Local man uses CPR to save life

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Robert Noles/Opelika Observer

By Hannah Lester
hlester@opelikaobserver.com

There was prickling in the back of Jon Brasher’s mind. Something was wrong.

Brasher was driving down the road, on his way to a Lowes, when he passed a truck driving erratically down the road. It eventually stopped in the middle of the road.

The driver of the truck ran from his seat, leaving the door ajar, to the passenger side.

A nagging thought — something’s not right here — passed through Brasher’s mind. But he kept driving.

“I couldn’t get that thought out of my head that ‘something bad is happening,’” he said.

He turned around and came back to the scene — the traffic light on Dean Road in front of Auburn Junior High.

The driver was standing on the passenger side.

“I don’t know CPR,” Brasher heard the driver say to someone on the phone.

Now, to back the story up a little bit, Brasher had recently taken a CPR course with his son.

“My son was the one who wanted to take the course,” he said. “And I wanted to do something with him.”

The course, run by Randy Boone of CarePoint, went over all the basics of CPR.

It hadn’t come in handy for Brasher until he saw that truck.

“I looked in the truck and the guy in the passenger seat, who turned out to be the driver’s father, was laid back over the console and he was just limp,” Brasher said. “And I said, ‘we’ve got to get him out on the ground.’”

Brasher jumped into action. 

“We got him down on the ground, and he was gasping, and his eyes were halfway open and he was dead,” he said.

Brasher started trying to rouse the man, with no response, so he started CPR compressions.

“I was just praying out loud, ‘Lord Jesus please don’t let this man die,’” he said.

An Auburn Police Officer arrived on the scene and began helping Brasher with CPR before EMTs arrived.

“They shocked him once and the machine started saying don’t shock, don’t shock,” Brasher said. “They weren’t seeing any signs of life but the machine was seeing it.”

The EMTS transported the victim to the hospital, who had a heartbeat at that point, and Brasher was left on the scene — shaken.

Brasher sent a text to Boone, who had taught him CPR: “I just did CPR on a man having a heart attack. I don’t know if he is going to make it.”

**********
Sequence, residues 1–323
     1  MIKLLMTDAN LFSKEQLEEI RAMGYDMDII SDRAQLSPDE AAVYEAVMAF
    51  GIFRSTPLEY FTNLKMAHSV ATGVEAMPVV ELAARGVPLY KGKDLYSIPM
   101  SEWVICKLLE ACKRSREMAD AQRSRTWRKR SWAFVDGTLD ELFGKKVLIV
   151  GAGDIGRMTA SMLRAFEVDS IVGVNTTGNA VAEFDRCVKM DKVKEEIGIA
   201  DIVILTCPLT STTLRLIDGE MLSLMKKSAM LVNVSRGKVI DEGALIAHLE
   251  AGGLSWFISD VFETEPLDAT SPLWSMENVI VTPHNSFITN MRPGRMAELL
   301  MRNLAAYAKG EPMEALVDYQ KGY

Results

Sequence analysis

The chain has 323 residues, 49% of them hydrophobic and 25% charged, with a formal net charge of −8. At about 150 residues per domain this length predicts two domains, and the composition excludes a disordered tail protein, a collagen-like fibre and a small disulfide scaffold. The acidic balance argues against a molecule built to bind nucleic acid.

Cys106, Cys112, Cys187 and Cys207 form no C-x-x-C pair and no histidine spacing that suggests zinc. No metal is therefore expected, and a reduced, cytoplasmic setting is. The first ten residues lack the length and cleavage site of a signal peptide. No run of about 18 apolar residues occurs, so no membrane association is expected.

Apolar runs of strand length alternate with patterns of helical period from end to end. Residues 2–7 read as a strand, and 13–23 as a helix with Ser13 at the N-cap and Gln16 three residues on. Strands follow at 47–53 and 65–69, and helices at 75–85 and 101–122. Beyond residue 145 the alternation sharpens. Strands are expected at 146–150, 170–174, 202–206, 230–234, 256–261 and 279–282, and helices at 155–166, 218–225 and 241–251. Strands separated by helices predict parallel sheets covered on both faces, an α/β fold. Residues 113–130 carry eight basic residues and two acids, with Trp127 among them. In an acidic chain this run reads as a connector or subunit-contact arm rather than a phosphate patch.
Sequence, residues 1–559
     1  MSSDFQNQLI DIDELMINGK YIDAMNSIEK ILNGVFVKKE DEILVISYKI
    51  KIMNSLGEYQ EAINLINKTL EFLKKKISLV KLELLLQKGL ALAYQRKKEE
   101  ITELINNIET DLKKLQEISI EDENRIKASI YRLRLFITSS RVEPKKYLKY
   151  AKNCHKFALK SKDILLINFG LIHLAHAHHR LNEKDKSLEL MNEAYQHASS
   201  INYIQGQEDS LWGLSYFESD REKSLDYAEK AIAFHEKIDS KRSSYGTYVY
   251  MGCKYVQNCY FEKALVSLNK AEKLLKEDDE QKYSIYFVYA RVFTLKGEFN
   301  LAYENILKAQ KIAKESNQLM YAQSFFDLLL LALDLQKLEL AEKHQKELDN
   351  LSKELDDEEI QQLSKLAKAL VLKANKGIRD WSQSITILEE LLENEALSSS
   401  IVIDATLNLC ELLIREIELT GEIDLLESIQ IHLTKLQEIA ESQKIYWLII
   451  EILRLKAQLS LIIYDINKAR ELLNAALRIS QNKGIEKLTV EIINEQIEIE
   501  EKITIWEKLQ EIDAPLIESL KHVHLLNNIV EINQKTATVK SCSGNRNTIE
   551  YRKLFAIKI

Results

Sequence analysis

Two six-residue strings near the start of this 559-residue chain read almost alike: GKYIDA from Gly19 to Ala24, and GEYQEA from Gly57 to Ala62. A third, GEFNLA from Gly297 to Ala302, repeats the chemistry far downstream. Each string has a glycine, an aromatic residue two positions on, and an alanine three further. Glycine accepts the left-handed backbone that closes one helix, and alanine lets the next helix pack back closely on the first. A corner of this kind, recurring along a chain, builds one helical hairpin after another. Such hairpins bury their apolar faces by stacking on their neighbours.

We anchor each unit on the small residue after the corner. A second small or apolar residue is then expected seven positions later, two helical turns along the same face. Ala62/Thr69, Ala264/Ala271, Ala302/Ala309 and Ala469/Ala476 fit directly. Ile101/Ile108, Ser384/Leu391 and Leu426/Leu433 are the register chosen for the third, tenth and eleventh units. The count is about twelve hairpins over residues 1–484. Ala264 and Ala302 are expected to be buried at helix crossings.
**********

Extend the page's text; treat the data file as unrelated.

Boone and Brasher both attend Lakeview Baptist Church and had remained friends.

“I called Jon immediately to lend an ear and find out what the circumstances were,” Boone said. “When he answered, you could still hear the nervous energy in his voice. He told me what happened … as he described the situation, his voice began to crack with emotion and he said, ‘I didn’t realize I would respond this way.’

“I assured him that he had just seen and done something extraordinary and that we often are not prepared for how we might react. I reassured him that, based on what he shared with me, he and the other responders, had done everything needed to give the victim the best chance of survival that morning.”

Brasher said that in the moment he wasn’t even thinking about the situation or what he needed to do — he was just responding as needed.

“It didn’t hit me until later, like when I was driving away,” he said. “That’s when it suddenly becomes very real what had happened.”

Later — he contacted the victim’s employer to check on him, and see if he had lived. He was alive! The victim did need open heart surgery, however, but had lived, and was alert.

The officer who had arrived on scene shared the victim’s wife’s number with Brasher.

“So I called her and talked with her for a while, and he was in surgery and she was waiting to hear how things were going,” he said.

They shared with Brasher that he was released from the hospital and was doing okay.

“Sudden cardiac arrest is more common than we would like to believe,” Boone said, who recommends taking a CPR course and then refreshing it every two years.

Brasher said that the class helped him to learn step by step what he would need to do in that type of situation.

“Over 1,000 people in the U.S. each day will need the aid of a bystander and EMS personnel, and the most likely place for this to happen is at home or at work,” Boone said. “This means that the most likely person in need of your help will be a friend or loved one. CPR and AED training teaches you how to recognize when someone needs lifesaving treatment, how to properly perform CPR and how to use an AED to correct a life-threatening heart rhythm. 

“As a CPR Instructor and business owner, Jon’s story is my ‘why.’ I started teaching because I knew that laypeople have a greater opportunity to save Sudden Cardiac Arrest victims than even EMS providers. I knew that ordinary individuals, like Jon, are frequently put in situations where they can do extraordinary things like performing CPR to save someone’s life.”

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